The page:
They Doth Protest Too Much

The Human Rights Campaign choreographed its rally against "don't ask, don't tell" last month to the smallest detail. Held midday on Washington's Freedom Plaza, it was headlined by comedian Kathy Griffin, who brought along the camera crew from her reality show, My Life on the D-List. After emerging from a cordoned-off area reserved for media, Griffin told a few jokes, then read letters from fans who had been affected by the military's policy. Rally participants held American flags distributed by HRC staff -- no drag queens, no rainbows -- and were told to pose, facing East, then South, then West. Photographers circled around them, snapping photos.

It was a picture-perfect performance until Lt. Dan Choi, the former military officer who has become the poster boy for DADT repeal, got on stage. He had not been scheduled to appear.

DADT is "no joke," Choi said, angrily denouncing the military policy and asking those present to march with him to the White House. He proceeded to lead a few dozen people a few blocks from the site and chained himself to the White House fence until he was arrested. A controversy has ensued, revolving around whether Choi harmed the cause with self-serving theatrics or helped it by going beyond the more staid advocacy of professional lobbying organizations. The answer depends on what the aim is: Grass-roots efforts tend to be more effective at mobilizing and energizing supporters, but the scripted, top-down approach is often better suited for selling an issue to the public at large.

Lefties – especially those who came of age in the era of mass demonstrations -- almost reflexively champion grass-roots protests; they see them as the messy, raw expression of popular will -- democracy unfiltered. But as anyone who has ever been to such a demonstration can tell you, they tend to bring out the crazies. In the lead-up to the health-care vote, the loose coalition of Tea Party groups included members who shouted racial and homophobic epithets and spat on members of Congress. Gay-pride marches have long been criticized for being risqué, but being inclusive means allowing penis-shaped floats and marchers who hand out dildos.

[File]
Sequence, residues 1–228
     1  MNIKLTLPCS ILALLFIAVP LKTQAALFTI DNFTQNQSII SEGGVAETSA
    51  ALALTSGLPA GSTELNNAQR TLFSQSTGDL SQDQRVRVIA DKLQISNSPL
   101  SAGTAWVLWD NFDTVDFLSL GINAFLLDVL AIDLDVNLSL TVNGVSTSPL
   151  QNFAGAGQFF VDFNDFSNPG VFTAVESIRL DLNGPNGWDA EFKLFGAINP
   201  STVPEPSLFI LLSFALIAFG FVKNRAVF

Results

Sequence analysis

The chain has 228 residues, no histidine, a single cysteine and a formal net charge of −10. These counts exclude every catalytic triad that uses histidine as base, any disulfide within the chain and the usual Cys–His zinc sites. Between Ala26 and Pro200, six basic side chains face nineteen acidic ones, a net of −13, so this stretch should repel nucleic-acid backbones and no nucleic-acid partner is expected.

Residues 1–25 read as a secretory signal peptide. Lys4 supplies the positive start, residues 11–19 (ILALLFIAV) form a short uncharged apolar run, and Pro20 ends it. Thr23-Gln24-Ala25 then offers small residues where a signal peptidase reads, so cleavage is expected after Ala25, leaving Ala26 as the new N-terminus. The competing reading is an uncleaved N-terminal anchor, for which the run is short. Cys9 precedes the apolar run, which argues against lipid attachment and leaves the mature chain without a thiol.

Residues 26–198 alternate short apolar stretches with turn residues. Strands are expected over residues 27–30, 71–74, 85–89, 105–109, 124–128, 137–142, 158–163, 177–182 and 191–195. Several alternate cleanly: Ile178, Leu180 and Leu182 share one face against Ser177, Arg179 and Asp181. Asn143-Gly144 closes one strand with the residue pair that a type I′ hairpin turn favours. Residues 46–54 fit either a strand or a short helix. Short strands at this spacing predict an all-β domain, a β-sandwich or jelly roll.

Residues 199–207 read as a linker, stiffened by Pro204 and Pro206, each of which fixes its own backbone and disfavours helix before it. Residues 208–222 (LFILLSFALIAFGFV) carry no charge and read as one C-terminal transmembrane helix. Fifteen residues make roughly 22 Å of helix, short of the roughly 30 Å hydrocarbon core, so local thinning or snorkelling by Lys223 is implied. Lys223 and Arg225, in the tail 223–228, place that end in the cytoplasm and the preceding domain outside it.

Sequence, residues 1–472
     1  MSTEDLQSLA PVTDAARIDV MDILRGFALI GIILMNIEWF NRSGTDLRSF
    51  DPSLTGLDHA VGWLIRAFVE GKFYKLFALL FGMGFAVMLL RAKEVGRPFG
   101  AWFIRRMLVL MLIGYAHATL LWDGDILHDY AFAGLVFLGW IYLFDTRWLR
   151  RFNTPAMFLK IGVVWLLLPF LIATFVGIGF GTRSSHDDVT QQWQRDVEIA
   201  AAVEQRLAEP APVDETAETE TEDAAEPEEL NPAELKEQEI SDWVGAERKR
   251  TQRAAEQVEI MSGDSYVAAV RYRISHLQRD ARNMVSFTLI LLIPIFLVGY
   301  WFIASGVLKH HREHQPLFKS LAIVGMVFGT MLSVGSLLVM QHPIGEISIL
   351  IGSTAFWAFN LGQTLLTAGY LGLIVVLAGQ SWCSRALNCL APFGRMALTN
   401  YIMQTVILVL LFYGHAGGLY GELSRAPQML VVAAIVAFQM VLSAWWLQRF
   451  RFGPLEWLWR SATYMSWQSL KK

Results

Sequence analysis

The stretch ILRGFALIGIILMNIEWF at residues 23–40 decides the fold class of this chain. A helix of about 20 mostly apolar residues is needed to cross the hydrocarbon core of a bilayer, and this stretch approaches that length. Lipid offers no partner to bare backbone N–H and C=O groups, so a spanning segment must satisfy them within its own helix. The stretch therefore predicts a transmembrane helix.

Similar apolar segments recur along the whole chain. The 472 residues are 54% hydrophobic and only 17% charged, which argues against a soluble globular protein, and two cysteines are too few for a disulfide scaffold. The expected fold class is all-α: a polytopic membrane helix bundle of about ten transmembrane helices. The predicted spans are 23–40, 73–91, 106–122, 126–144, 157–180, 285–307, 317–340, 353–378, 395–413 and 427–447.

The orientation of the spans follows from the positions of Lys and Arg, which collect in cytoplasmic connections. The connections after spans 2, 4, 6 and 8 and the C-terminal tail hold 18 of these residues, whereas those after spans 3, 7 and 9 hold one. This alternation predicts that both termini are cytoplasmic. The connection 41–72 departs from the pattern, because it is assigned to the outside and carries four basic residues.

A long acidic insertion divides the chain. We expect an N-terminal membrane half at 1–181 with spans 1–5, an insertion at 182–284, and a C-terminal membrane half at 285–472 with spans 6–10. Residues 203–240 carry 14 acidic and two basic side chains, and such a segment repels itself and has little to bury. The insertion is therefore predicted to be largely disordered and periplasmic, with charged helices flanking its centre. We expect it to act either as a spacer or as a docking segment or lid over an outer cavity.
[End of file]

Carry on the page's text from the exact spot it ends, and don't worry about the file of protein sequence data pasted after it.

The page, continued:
Whether or not these antics support the overall message demonstrators are trying to convey, they provide a straw man for the opposition. During a panel discussion about immigration reform in which I recently participated, an opponent tried to portray the recent immigration march as radical because some participants carried anarchist signs and Mexican flags. The wrong optics can also spark a backlash; some have credited the 2006 immigrant-rights protests for the subsequent rise in anti-immigrant sentiment among Americans.

A good rally turnout can give the the illusion of power and popular support, but any effect demonstrations have is largely mediated by press coverage. The number of protesters matters less than how these numbers are amplified or undercounted by media. In fact, estimates of participation made by media outlets serve as a crude proxy for how newsworthy the event is considered. Fox claims the immigration march had only 50,000 members; the HRC claimed 1,000 people attended the DADT rally. The way a story is covered – or not – affects not just how an event is perceived; it plays a direct hand in social movements themselves. The initial Tea Party protests a year ago would not have metastasized into a cohesive movement had Fox News not reported so widely on them. Perhaps March's immigration protest, which included 200,000 people, would have had a greater impact had it not taken a backseat to the health-care vote the same day.

It is perhaps unromantic to think of demonstrations as a media stage. It certainly saps the life out of them. The mood at the HRC-sponsored DADT rally was subdued, weighed down by its self-conscious theatricality. But the images that came out of it – protesters respectfully holding American flags in silence – were compelling. Shots of Choi handcuffed to the White House fence look much less so. Savvy organizations like the HRC have entire departments to maximize the impact of an event or rally and tailor its message to appeal to the public. However, having access to the levers of power and kowtowing to mainstream tastes also means they are more likely to exclude constituents who do not mesh with the media strategy or, as is the accusation with HRC, fail to exert real pressure for fear of disturbing relationships with powerful people.

There is really no comparison between the mood of Choi's protest and the HRC rally. On their march to the White House, Choi's followers chanted loudly -- they were angry, resolute, and determined. What their protest lacked in organization it made up for in energy. But at the end of the day, which action brought us any closer to the goal of repealing DADT?

Even if it did not get the coverage the HRC rally did, Choi's bold move served another purpose. As a cathartic departure from HRC restraint, it galvanized members of the gay community who share his frustration with lack of action on DADT, which is an end in itself. Inclusive, free-form demonstrations help solidify group identity among members of a community; they are much better at accommodating the diversity and unity of a social movement than selling their message to the public, which is why they tend to be more lively. I would much prefer to join Choi than pose for press photos while Kathy Griffin talks to the press in a roped-off area, but the relevant question is whether I'm marching for myself or for change.

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